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Introduction to Daddy∗ The autobiographical essay below was shared by Ms. Waisanen with researchers from the University of Michigan's Child Bereavement Project when, at age 16, Ms. Waisanen was interviewed in a study of the impact of parental death upon families with school-aged children. The Project, a longitudinal, community-based study of parentally bereaved children and their surviving parents includes extensive interviews, standardized questionnaires, and projective measures. Project research has focused on a number of topics including: level of adjustment in bereaved children; gender and age differences in child adjustment; the impact of anticipated versus sudden death on surviving family members; the nature and functions of children's continuing attachment to their deceased parent; determinants of surviving spouses' capacity adequately to parent their bereaved children; peer relations of bereaved children; remarriage and cohabitation among young bereaved parents; and the impact on survivors of traumatic exposure to a dying parent.1 ∗Introduction by Albert C. Cain, University of Michigan. 1Research articles stemming from this Project include: (Bishop & Cain, 2003; Cain, 2002; Kalter et al., 2002–03; Porterfield, Cain & Saldinger, 2003; Saldinger & Cain, in press; Saldinger, Cain, Kalter & Lohnes, 1999; Saldinger, Cain & Porterfield, 2003; Saldinger, Cain, Porterfield, & Lohnes, in press). There is much in this essay that will immediately resonate for students of bereavement and caretakers of bereaved. Depicted vividly is a bereaved youngster's crushing sense of loss, her yearning, cherished identifications with a beloved parent, sudden unwelcome surges of aching grief and tears, continuing attachment beyond death, and the potential power of a deeply caring friend contrasted with the frozen or obtuse responses of much of her peer “support network.” Particularly instructive, in the face of our field's widespread virtual romaniticization of the relative advantages for the bereaved of anticipated (versus sudden) deaths is the compelling portrayal of the cruel costs of the author's empathy with a dying parent amidst her devoted efforts to maintain a rich relationship with her father in spite of the consequences: repeated, torturesome exposures to his helpless fragility, to raw, almost unbearable images of his physical deterioration and disfigurement, as well as his diminishing capacity to communicate his love or even clear acknowledgment of hers.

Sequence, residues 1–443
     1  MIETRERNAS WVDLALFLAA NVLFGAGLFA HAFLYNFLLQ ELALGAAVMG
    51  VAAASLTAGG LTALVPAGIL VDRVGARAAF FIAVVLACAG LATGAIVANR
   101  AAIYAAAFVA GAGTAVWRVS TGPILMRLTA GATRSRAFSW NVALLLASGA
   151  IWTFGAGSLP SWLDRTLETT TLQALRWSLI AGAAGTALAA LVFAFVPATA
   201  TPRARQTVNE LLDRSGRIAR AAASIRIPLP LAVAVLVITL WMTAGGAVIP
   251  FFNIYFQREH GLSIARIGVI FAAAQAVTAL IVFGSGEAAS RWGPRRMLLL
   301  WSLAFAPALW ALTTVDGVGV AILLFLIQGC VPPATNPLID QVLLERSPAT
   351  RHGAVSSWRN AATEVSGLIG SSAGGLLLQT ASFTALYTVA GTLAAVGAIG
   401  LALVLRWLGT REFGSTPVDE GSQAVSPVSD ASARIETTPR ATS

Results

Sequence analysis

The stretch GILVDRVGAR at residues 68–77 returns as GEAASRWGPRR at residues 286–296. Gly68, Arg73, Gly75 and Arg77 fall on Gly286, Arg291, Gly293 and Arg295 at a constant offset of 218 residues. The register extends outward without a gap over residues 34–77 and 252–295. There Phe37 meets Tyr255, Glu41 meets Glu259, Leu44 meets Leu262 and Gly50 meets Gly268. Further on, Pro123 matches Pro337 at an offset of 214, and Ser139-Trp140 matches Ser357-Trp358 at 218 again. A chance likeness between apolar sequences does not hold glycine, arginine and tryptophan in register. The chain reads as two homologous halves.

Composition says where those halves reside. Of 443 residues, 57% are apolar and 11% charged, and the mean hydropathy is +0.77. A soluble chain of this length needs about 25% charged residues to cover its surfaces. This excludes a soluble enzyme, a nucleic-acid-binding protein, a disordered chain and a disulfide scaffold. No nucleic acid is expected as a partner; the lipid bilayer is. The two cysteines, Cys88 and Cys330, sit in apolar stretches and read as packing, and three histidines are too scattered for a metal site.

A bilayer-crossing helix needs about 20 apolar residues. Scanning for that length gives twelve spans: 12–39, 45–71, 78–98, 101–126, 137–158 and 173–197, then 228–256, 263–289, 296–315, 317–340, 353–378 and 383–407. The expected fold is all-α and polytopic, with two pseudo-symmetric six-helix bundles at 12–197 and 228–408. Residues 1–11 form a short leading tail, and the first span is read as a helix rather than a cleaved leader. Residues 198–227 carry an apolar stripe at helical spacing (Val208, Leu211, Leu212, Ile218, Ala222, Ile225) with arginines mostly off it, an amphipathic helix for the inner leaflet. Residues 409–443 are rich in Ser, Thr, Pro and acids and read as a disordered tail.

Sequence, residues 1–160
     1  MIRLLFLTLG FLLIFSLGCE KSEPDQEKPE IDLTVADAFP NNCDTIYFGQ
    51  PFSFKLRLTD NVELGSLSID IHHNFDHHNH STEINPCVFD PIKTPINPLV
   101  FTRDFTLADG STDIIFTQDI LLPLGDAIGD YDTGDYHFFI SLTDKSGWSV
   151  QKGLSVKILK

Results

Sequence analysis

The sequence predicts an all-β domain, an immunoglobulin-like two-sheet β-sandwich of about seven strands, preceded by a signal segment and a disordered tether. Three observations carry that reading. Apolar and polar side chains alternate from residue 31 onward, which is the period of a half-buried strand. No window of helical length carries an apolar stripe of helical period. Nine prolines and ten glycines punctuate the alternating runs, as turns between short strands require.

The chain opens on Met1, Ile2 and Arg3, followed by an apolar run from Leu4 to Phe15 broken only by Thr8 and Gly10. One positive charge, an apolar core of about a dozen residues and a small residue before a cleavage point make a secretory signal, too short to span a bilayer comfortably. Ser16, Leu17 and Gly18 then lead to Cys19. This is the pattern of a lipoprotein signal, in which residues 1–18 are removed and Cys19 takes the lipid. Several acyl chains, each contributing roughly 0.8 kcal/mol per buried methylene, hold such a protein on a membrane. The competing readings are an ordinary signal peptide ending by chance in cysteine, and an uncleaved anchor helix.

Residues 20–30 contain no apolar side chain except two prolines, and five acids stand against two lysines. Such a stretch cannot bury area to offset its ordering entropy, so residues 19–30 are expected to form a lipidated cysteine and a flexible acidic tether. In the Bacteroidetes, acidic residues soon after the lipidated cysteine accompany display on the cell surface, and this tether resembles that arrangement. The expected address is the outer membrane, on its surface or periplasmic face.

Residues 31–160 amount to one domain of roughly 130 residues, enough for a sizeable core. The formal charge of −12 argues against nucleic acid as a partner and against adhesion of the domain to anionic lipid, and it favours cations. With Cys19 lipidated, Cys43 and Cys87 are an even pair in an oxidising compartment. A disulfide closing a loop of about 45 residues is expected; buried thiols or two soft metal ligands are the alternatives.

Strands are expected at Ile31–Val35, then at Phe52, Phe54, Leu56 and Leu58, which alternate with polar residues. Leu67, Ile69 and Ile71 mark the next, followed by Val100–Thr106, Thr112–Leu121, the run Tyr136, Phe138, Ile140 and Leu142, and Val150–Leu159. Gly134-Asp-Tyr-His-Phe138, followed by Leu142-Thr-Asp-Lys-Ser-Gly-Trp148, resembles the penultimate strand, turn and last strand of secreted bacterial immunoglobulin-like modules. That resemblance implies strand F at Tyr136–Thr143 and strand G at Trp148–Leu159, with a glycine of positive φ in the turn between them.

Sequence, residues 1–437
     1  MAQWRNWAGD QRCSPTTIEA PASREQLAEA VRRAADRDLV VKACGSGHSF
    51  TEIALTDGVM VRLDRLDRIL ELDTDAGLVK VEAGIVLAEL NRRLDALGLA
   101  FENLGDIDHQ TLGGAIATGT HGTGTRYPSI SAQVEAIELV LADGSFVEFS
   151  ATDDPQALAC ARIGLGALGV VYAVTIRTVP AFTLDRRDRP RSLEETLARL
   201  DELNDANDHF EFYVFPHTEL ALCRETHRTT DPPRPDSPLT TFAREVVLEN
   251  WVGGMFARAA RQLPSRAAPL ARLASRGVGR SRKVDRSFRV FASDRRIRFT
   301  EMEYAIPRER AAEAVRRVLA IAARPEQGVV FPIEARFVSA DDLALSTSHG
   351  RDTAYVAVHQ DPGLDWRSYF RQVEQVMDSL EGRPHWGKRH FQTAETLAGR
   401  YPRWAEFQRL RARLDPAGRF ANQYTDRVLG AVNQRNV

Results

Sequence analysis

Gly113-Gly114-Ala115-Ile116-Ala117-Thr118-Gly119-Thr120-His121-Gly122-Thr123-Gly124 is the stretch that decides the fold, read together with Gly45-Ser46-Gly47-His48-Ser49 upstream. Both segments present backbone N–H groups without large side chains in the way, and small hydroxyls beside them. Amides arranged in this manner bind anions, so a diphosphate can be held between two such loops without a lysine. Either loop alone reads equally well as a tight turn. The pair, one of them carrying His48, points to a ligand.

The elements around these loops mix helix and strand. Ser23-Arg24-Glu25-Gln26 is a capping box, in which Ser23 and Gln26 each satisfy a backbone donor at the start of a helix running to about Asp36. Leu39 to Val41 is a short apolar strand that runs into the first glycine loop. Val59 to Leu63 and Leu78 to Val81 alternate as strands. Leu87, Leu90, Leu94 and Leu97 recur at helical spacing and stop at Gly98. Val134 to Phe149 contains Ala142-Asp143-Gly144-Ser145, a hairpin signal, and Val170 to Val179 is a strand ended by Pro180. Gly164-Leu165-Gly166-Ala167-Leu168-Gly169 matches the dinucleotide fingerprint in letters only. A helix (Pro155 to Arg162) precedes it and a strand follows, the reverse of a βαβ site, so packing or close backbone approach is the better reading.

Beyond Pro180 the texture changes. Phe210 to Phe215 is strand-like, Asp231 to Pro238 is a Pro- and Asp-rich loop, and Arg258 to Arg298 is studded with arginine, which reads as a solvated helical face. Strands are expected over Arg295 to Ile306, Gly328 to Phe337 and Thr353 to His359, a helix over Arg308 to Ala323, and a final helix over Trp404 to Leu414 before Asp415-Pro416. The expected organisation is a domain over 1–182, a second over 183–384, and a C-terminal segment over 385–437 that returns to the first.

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Document Type: Research Article

Affiliations: Undergraduate Student, Western Michigan University, Kalamazoo, Michigan, USA

Publication date: October 1, 2004

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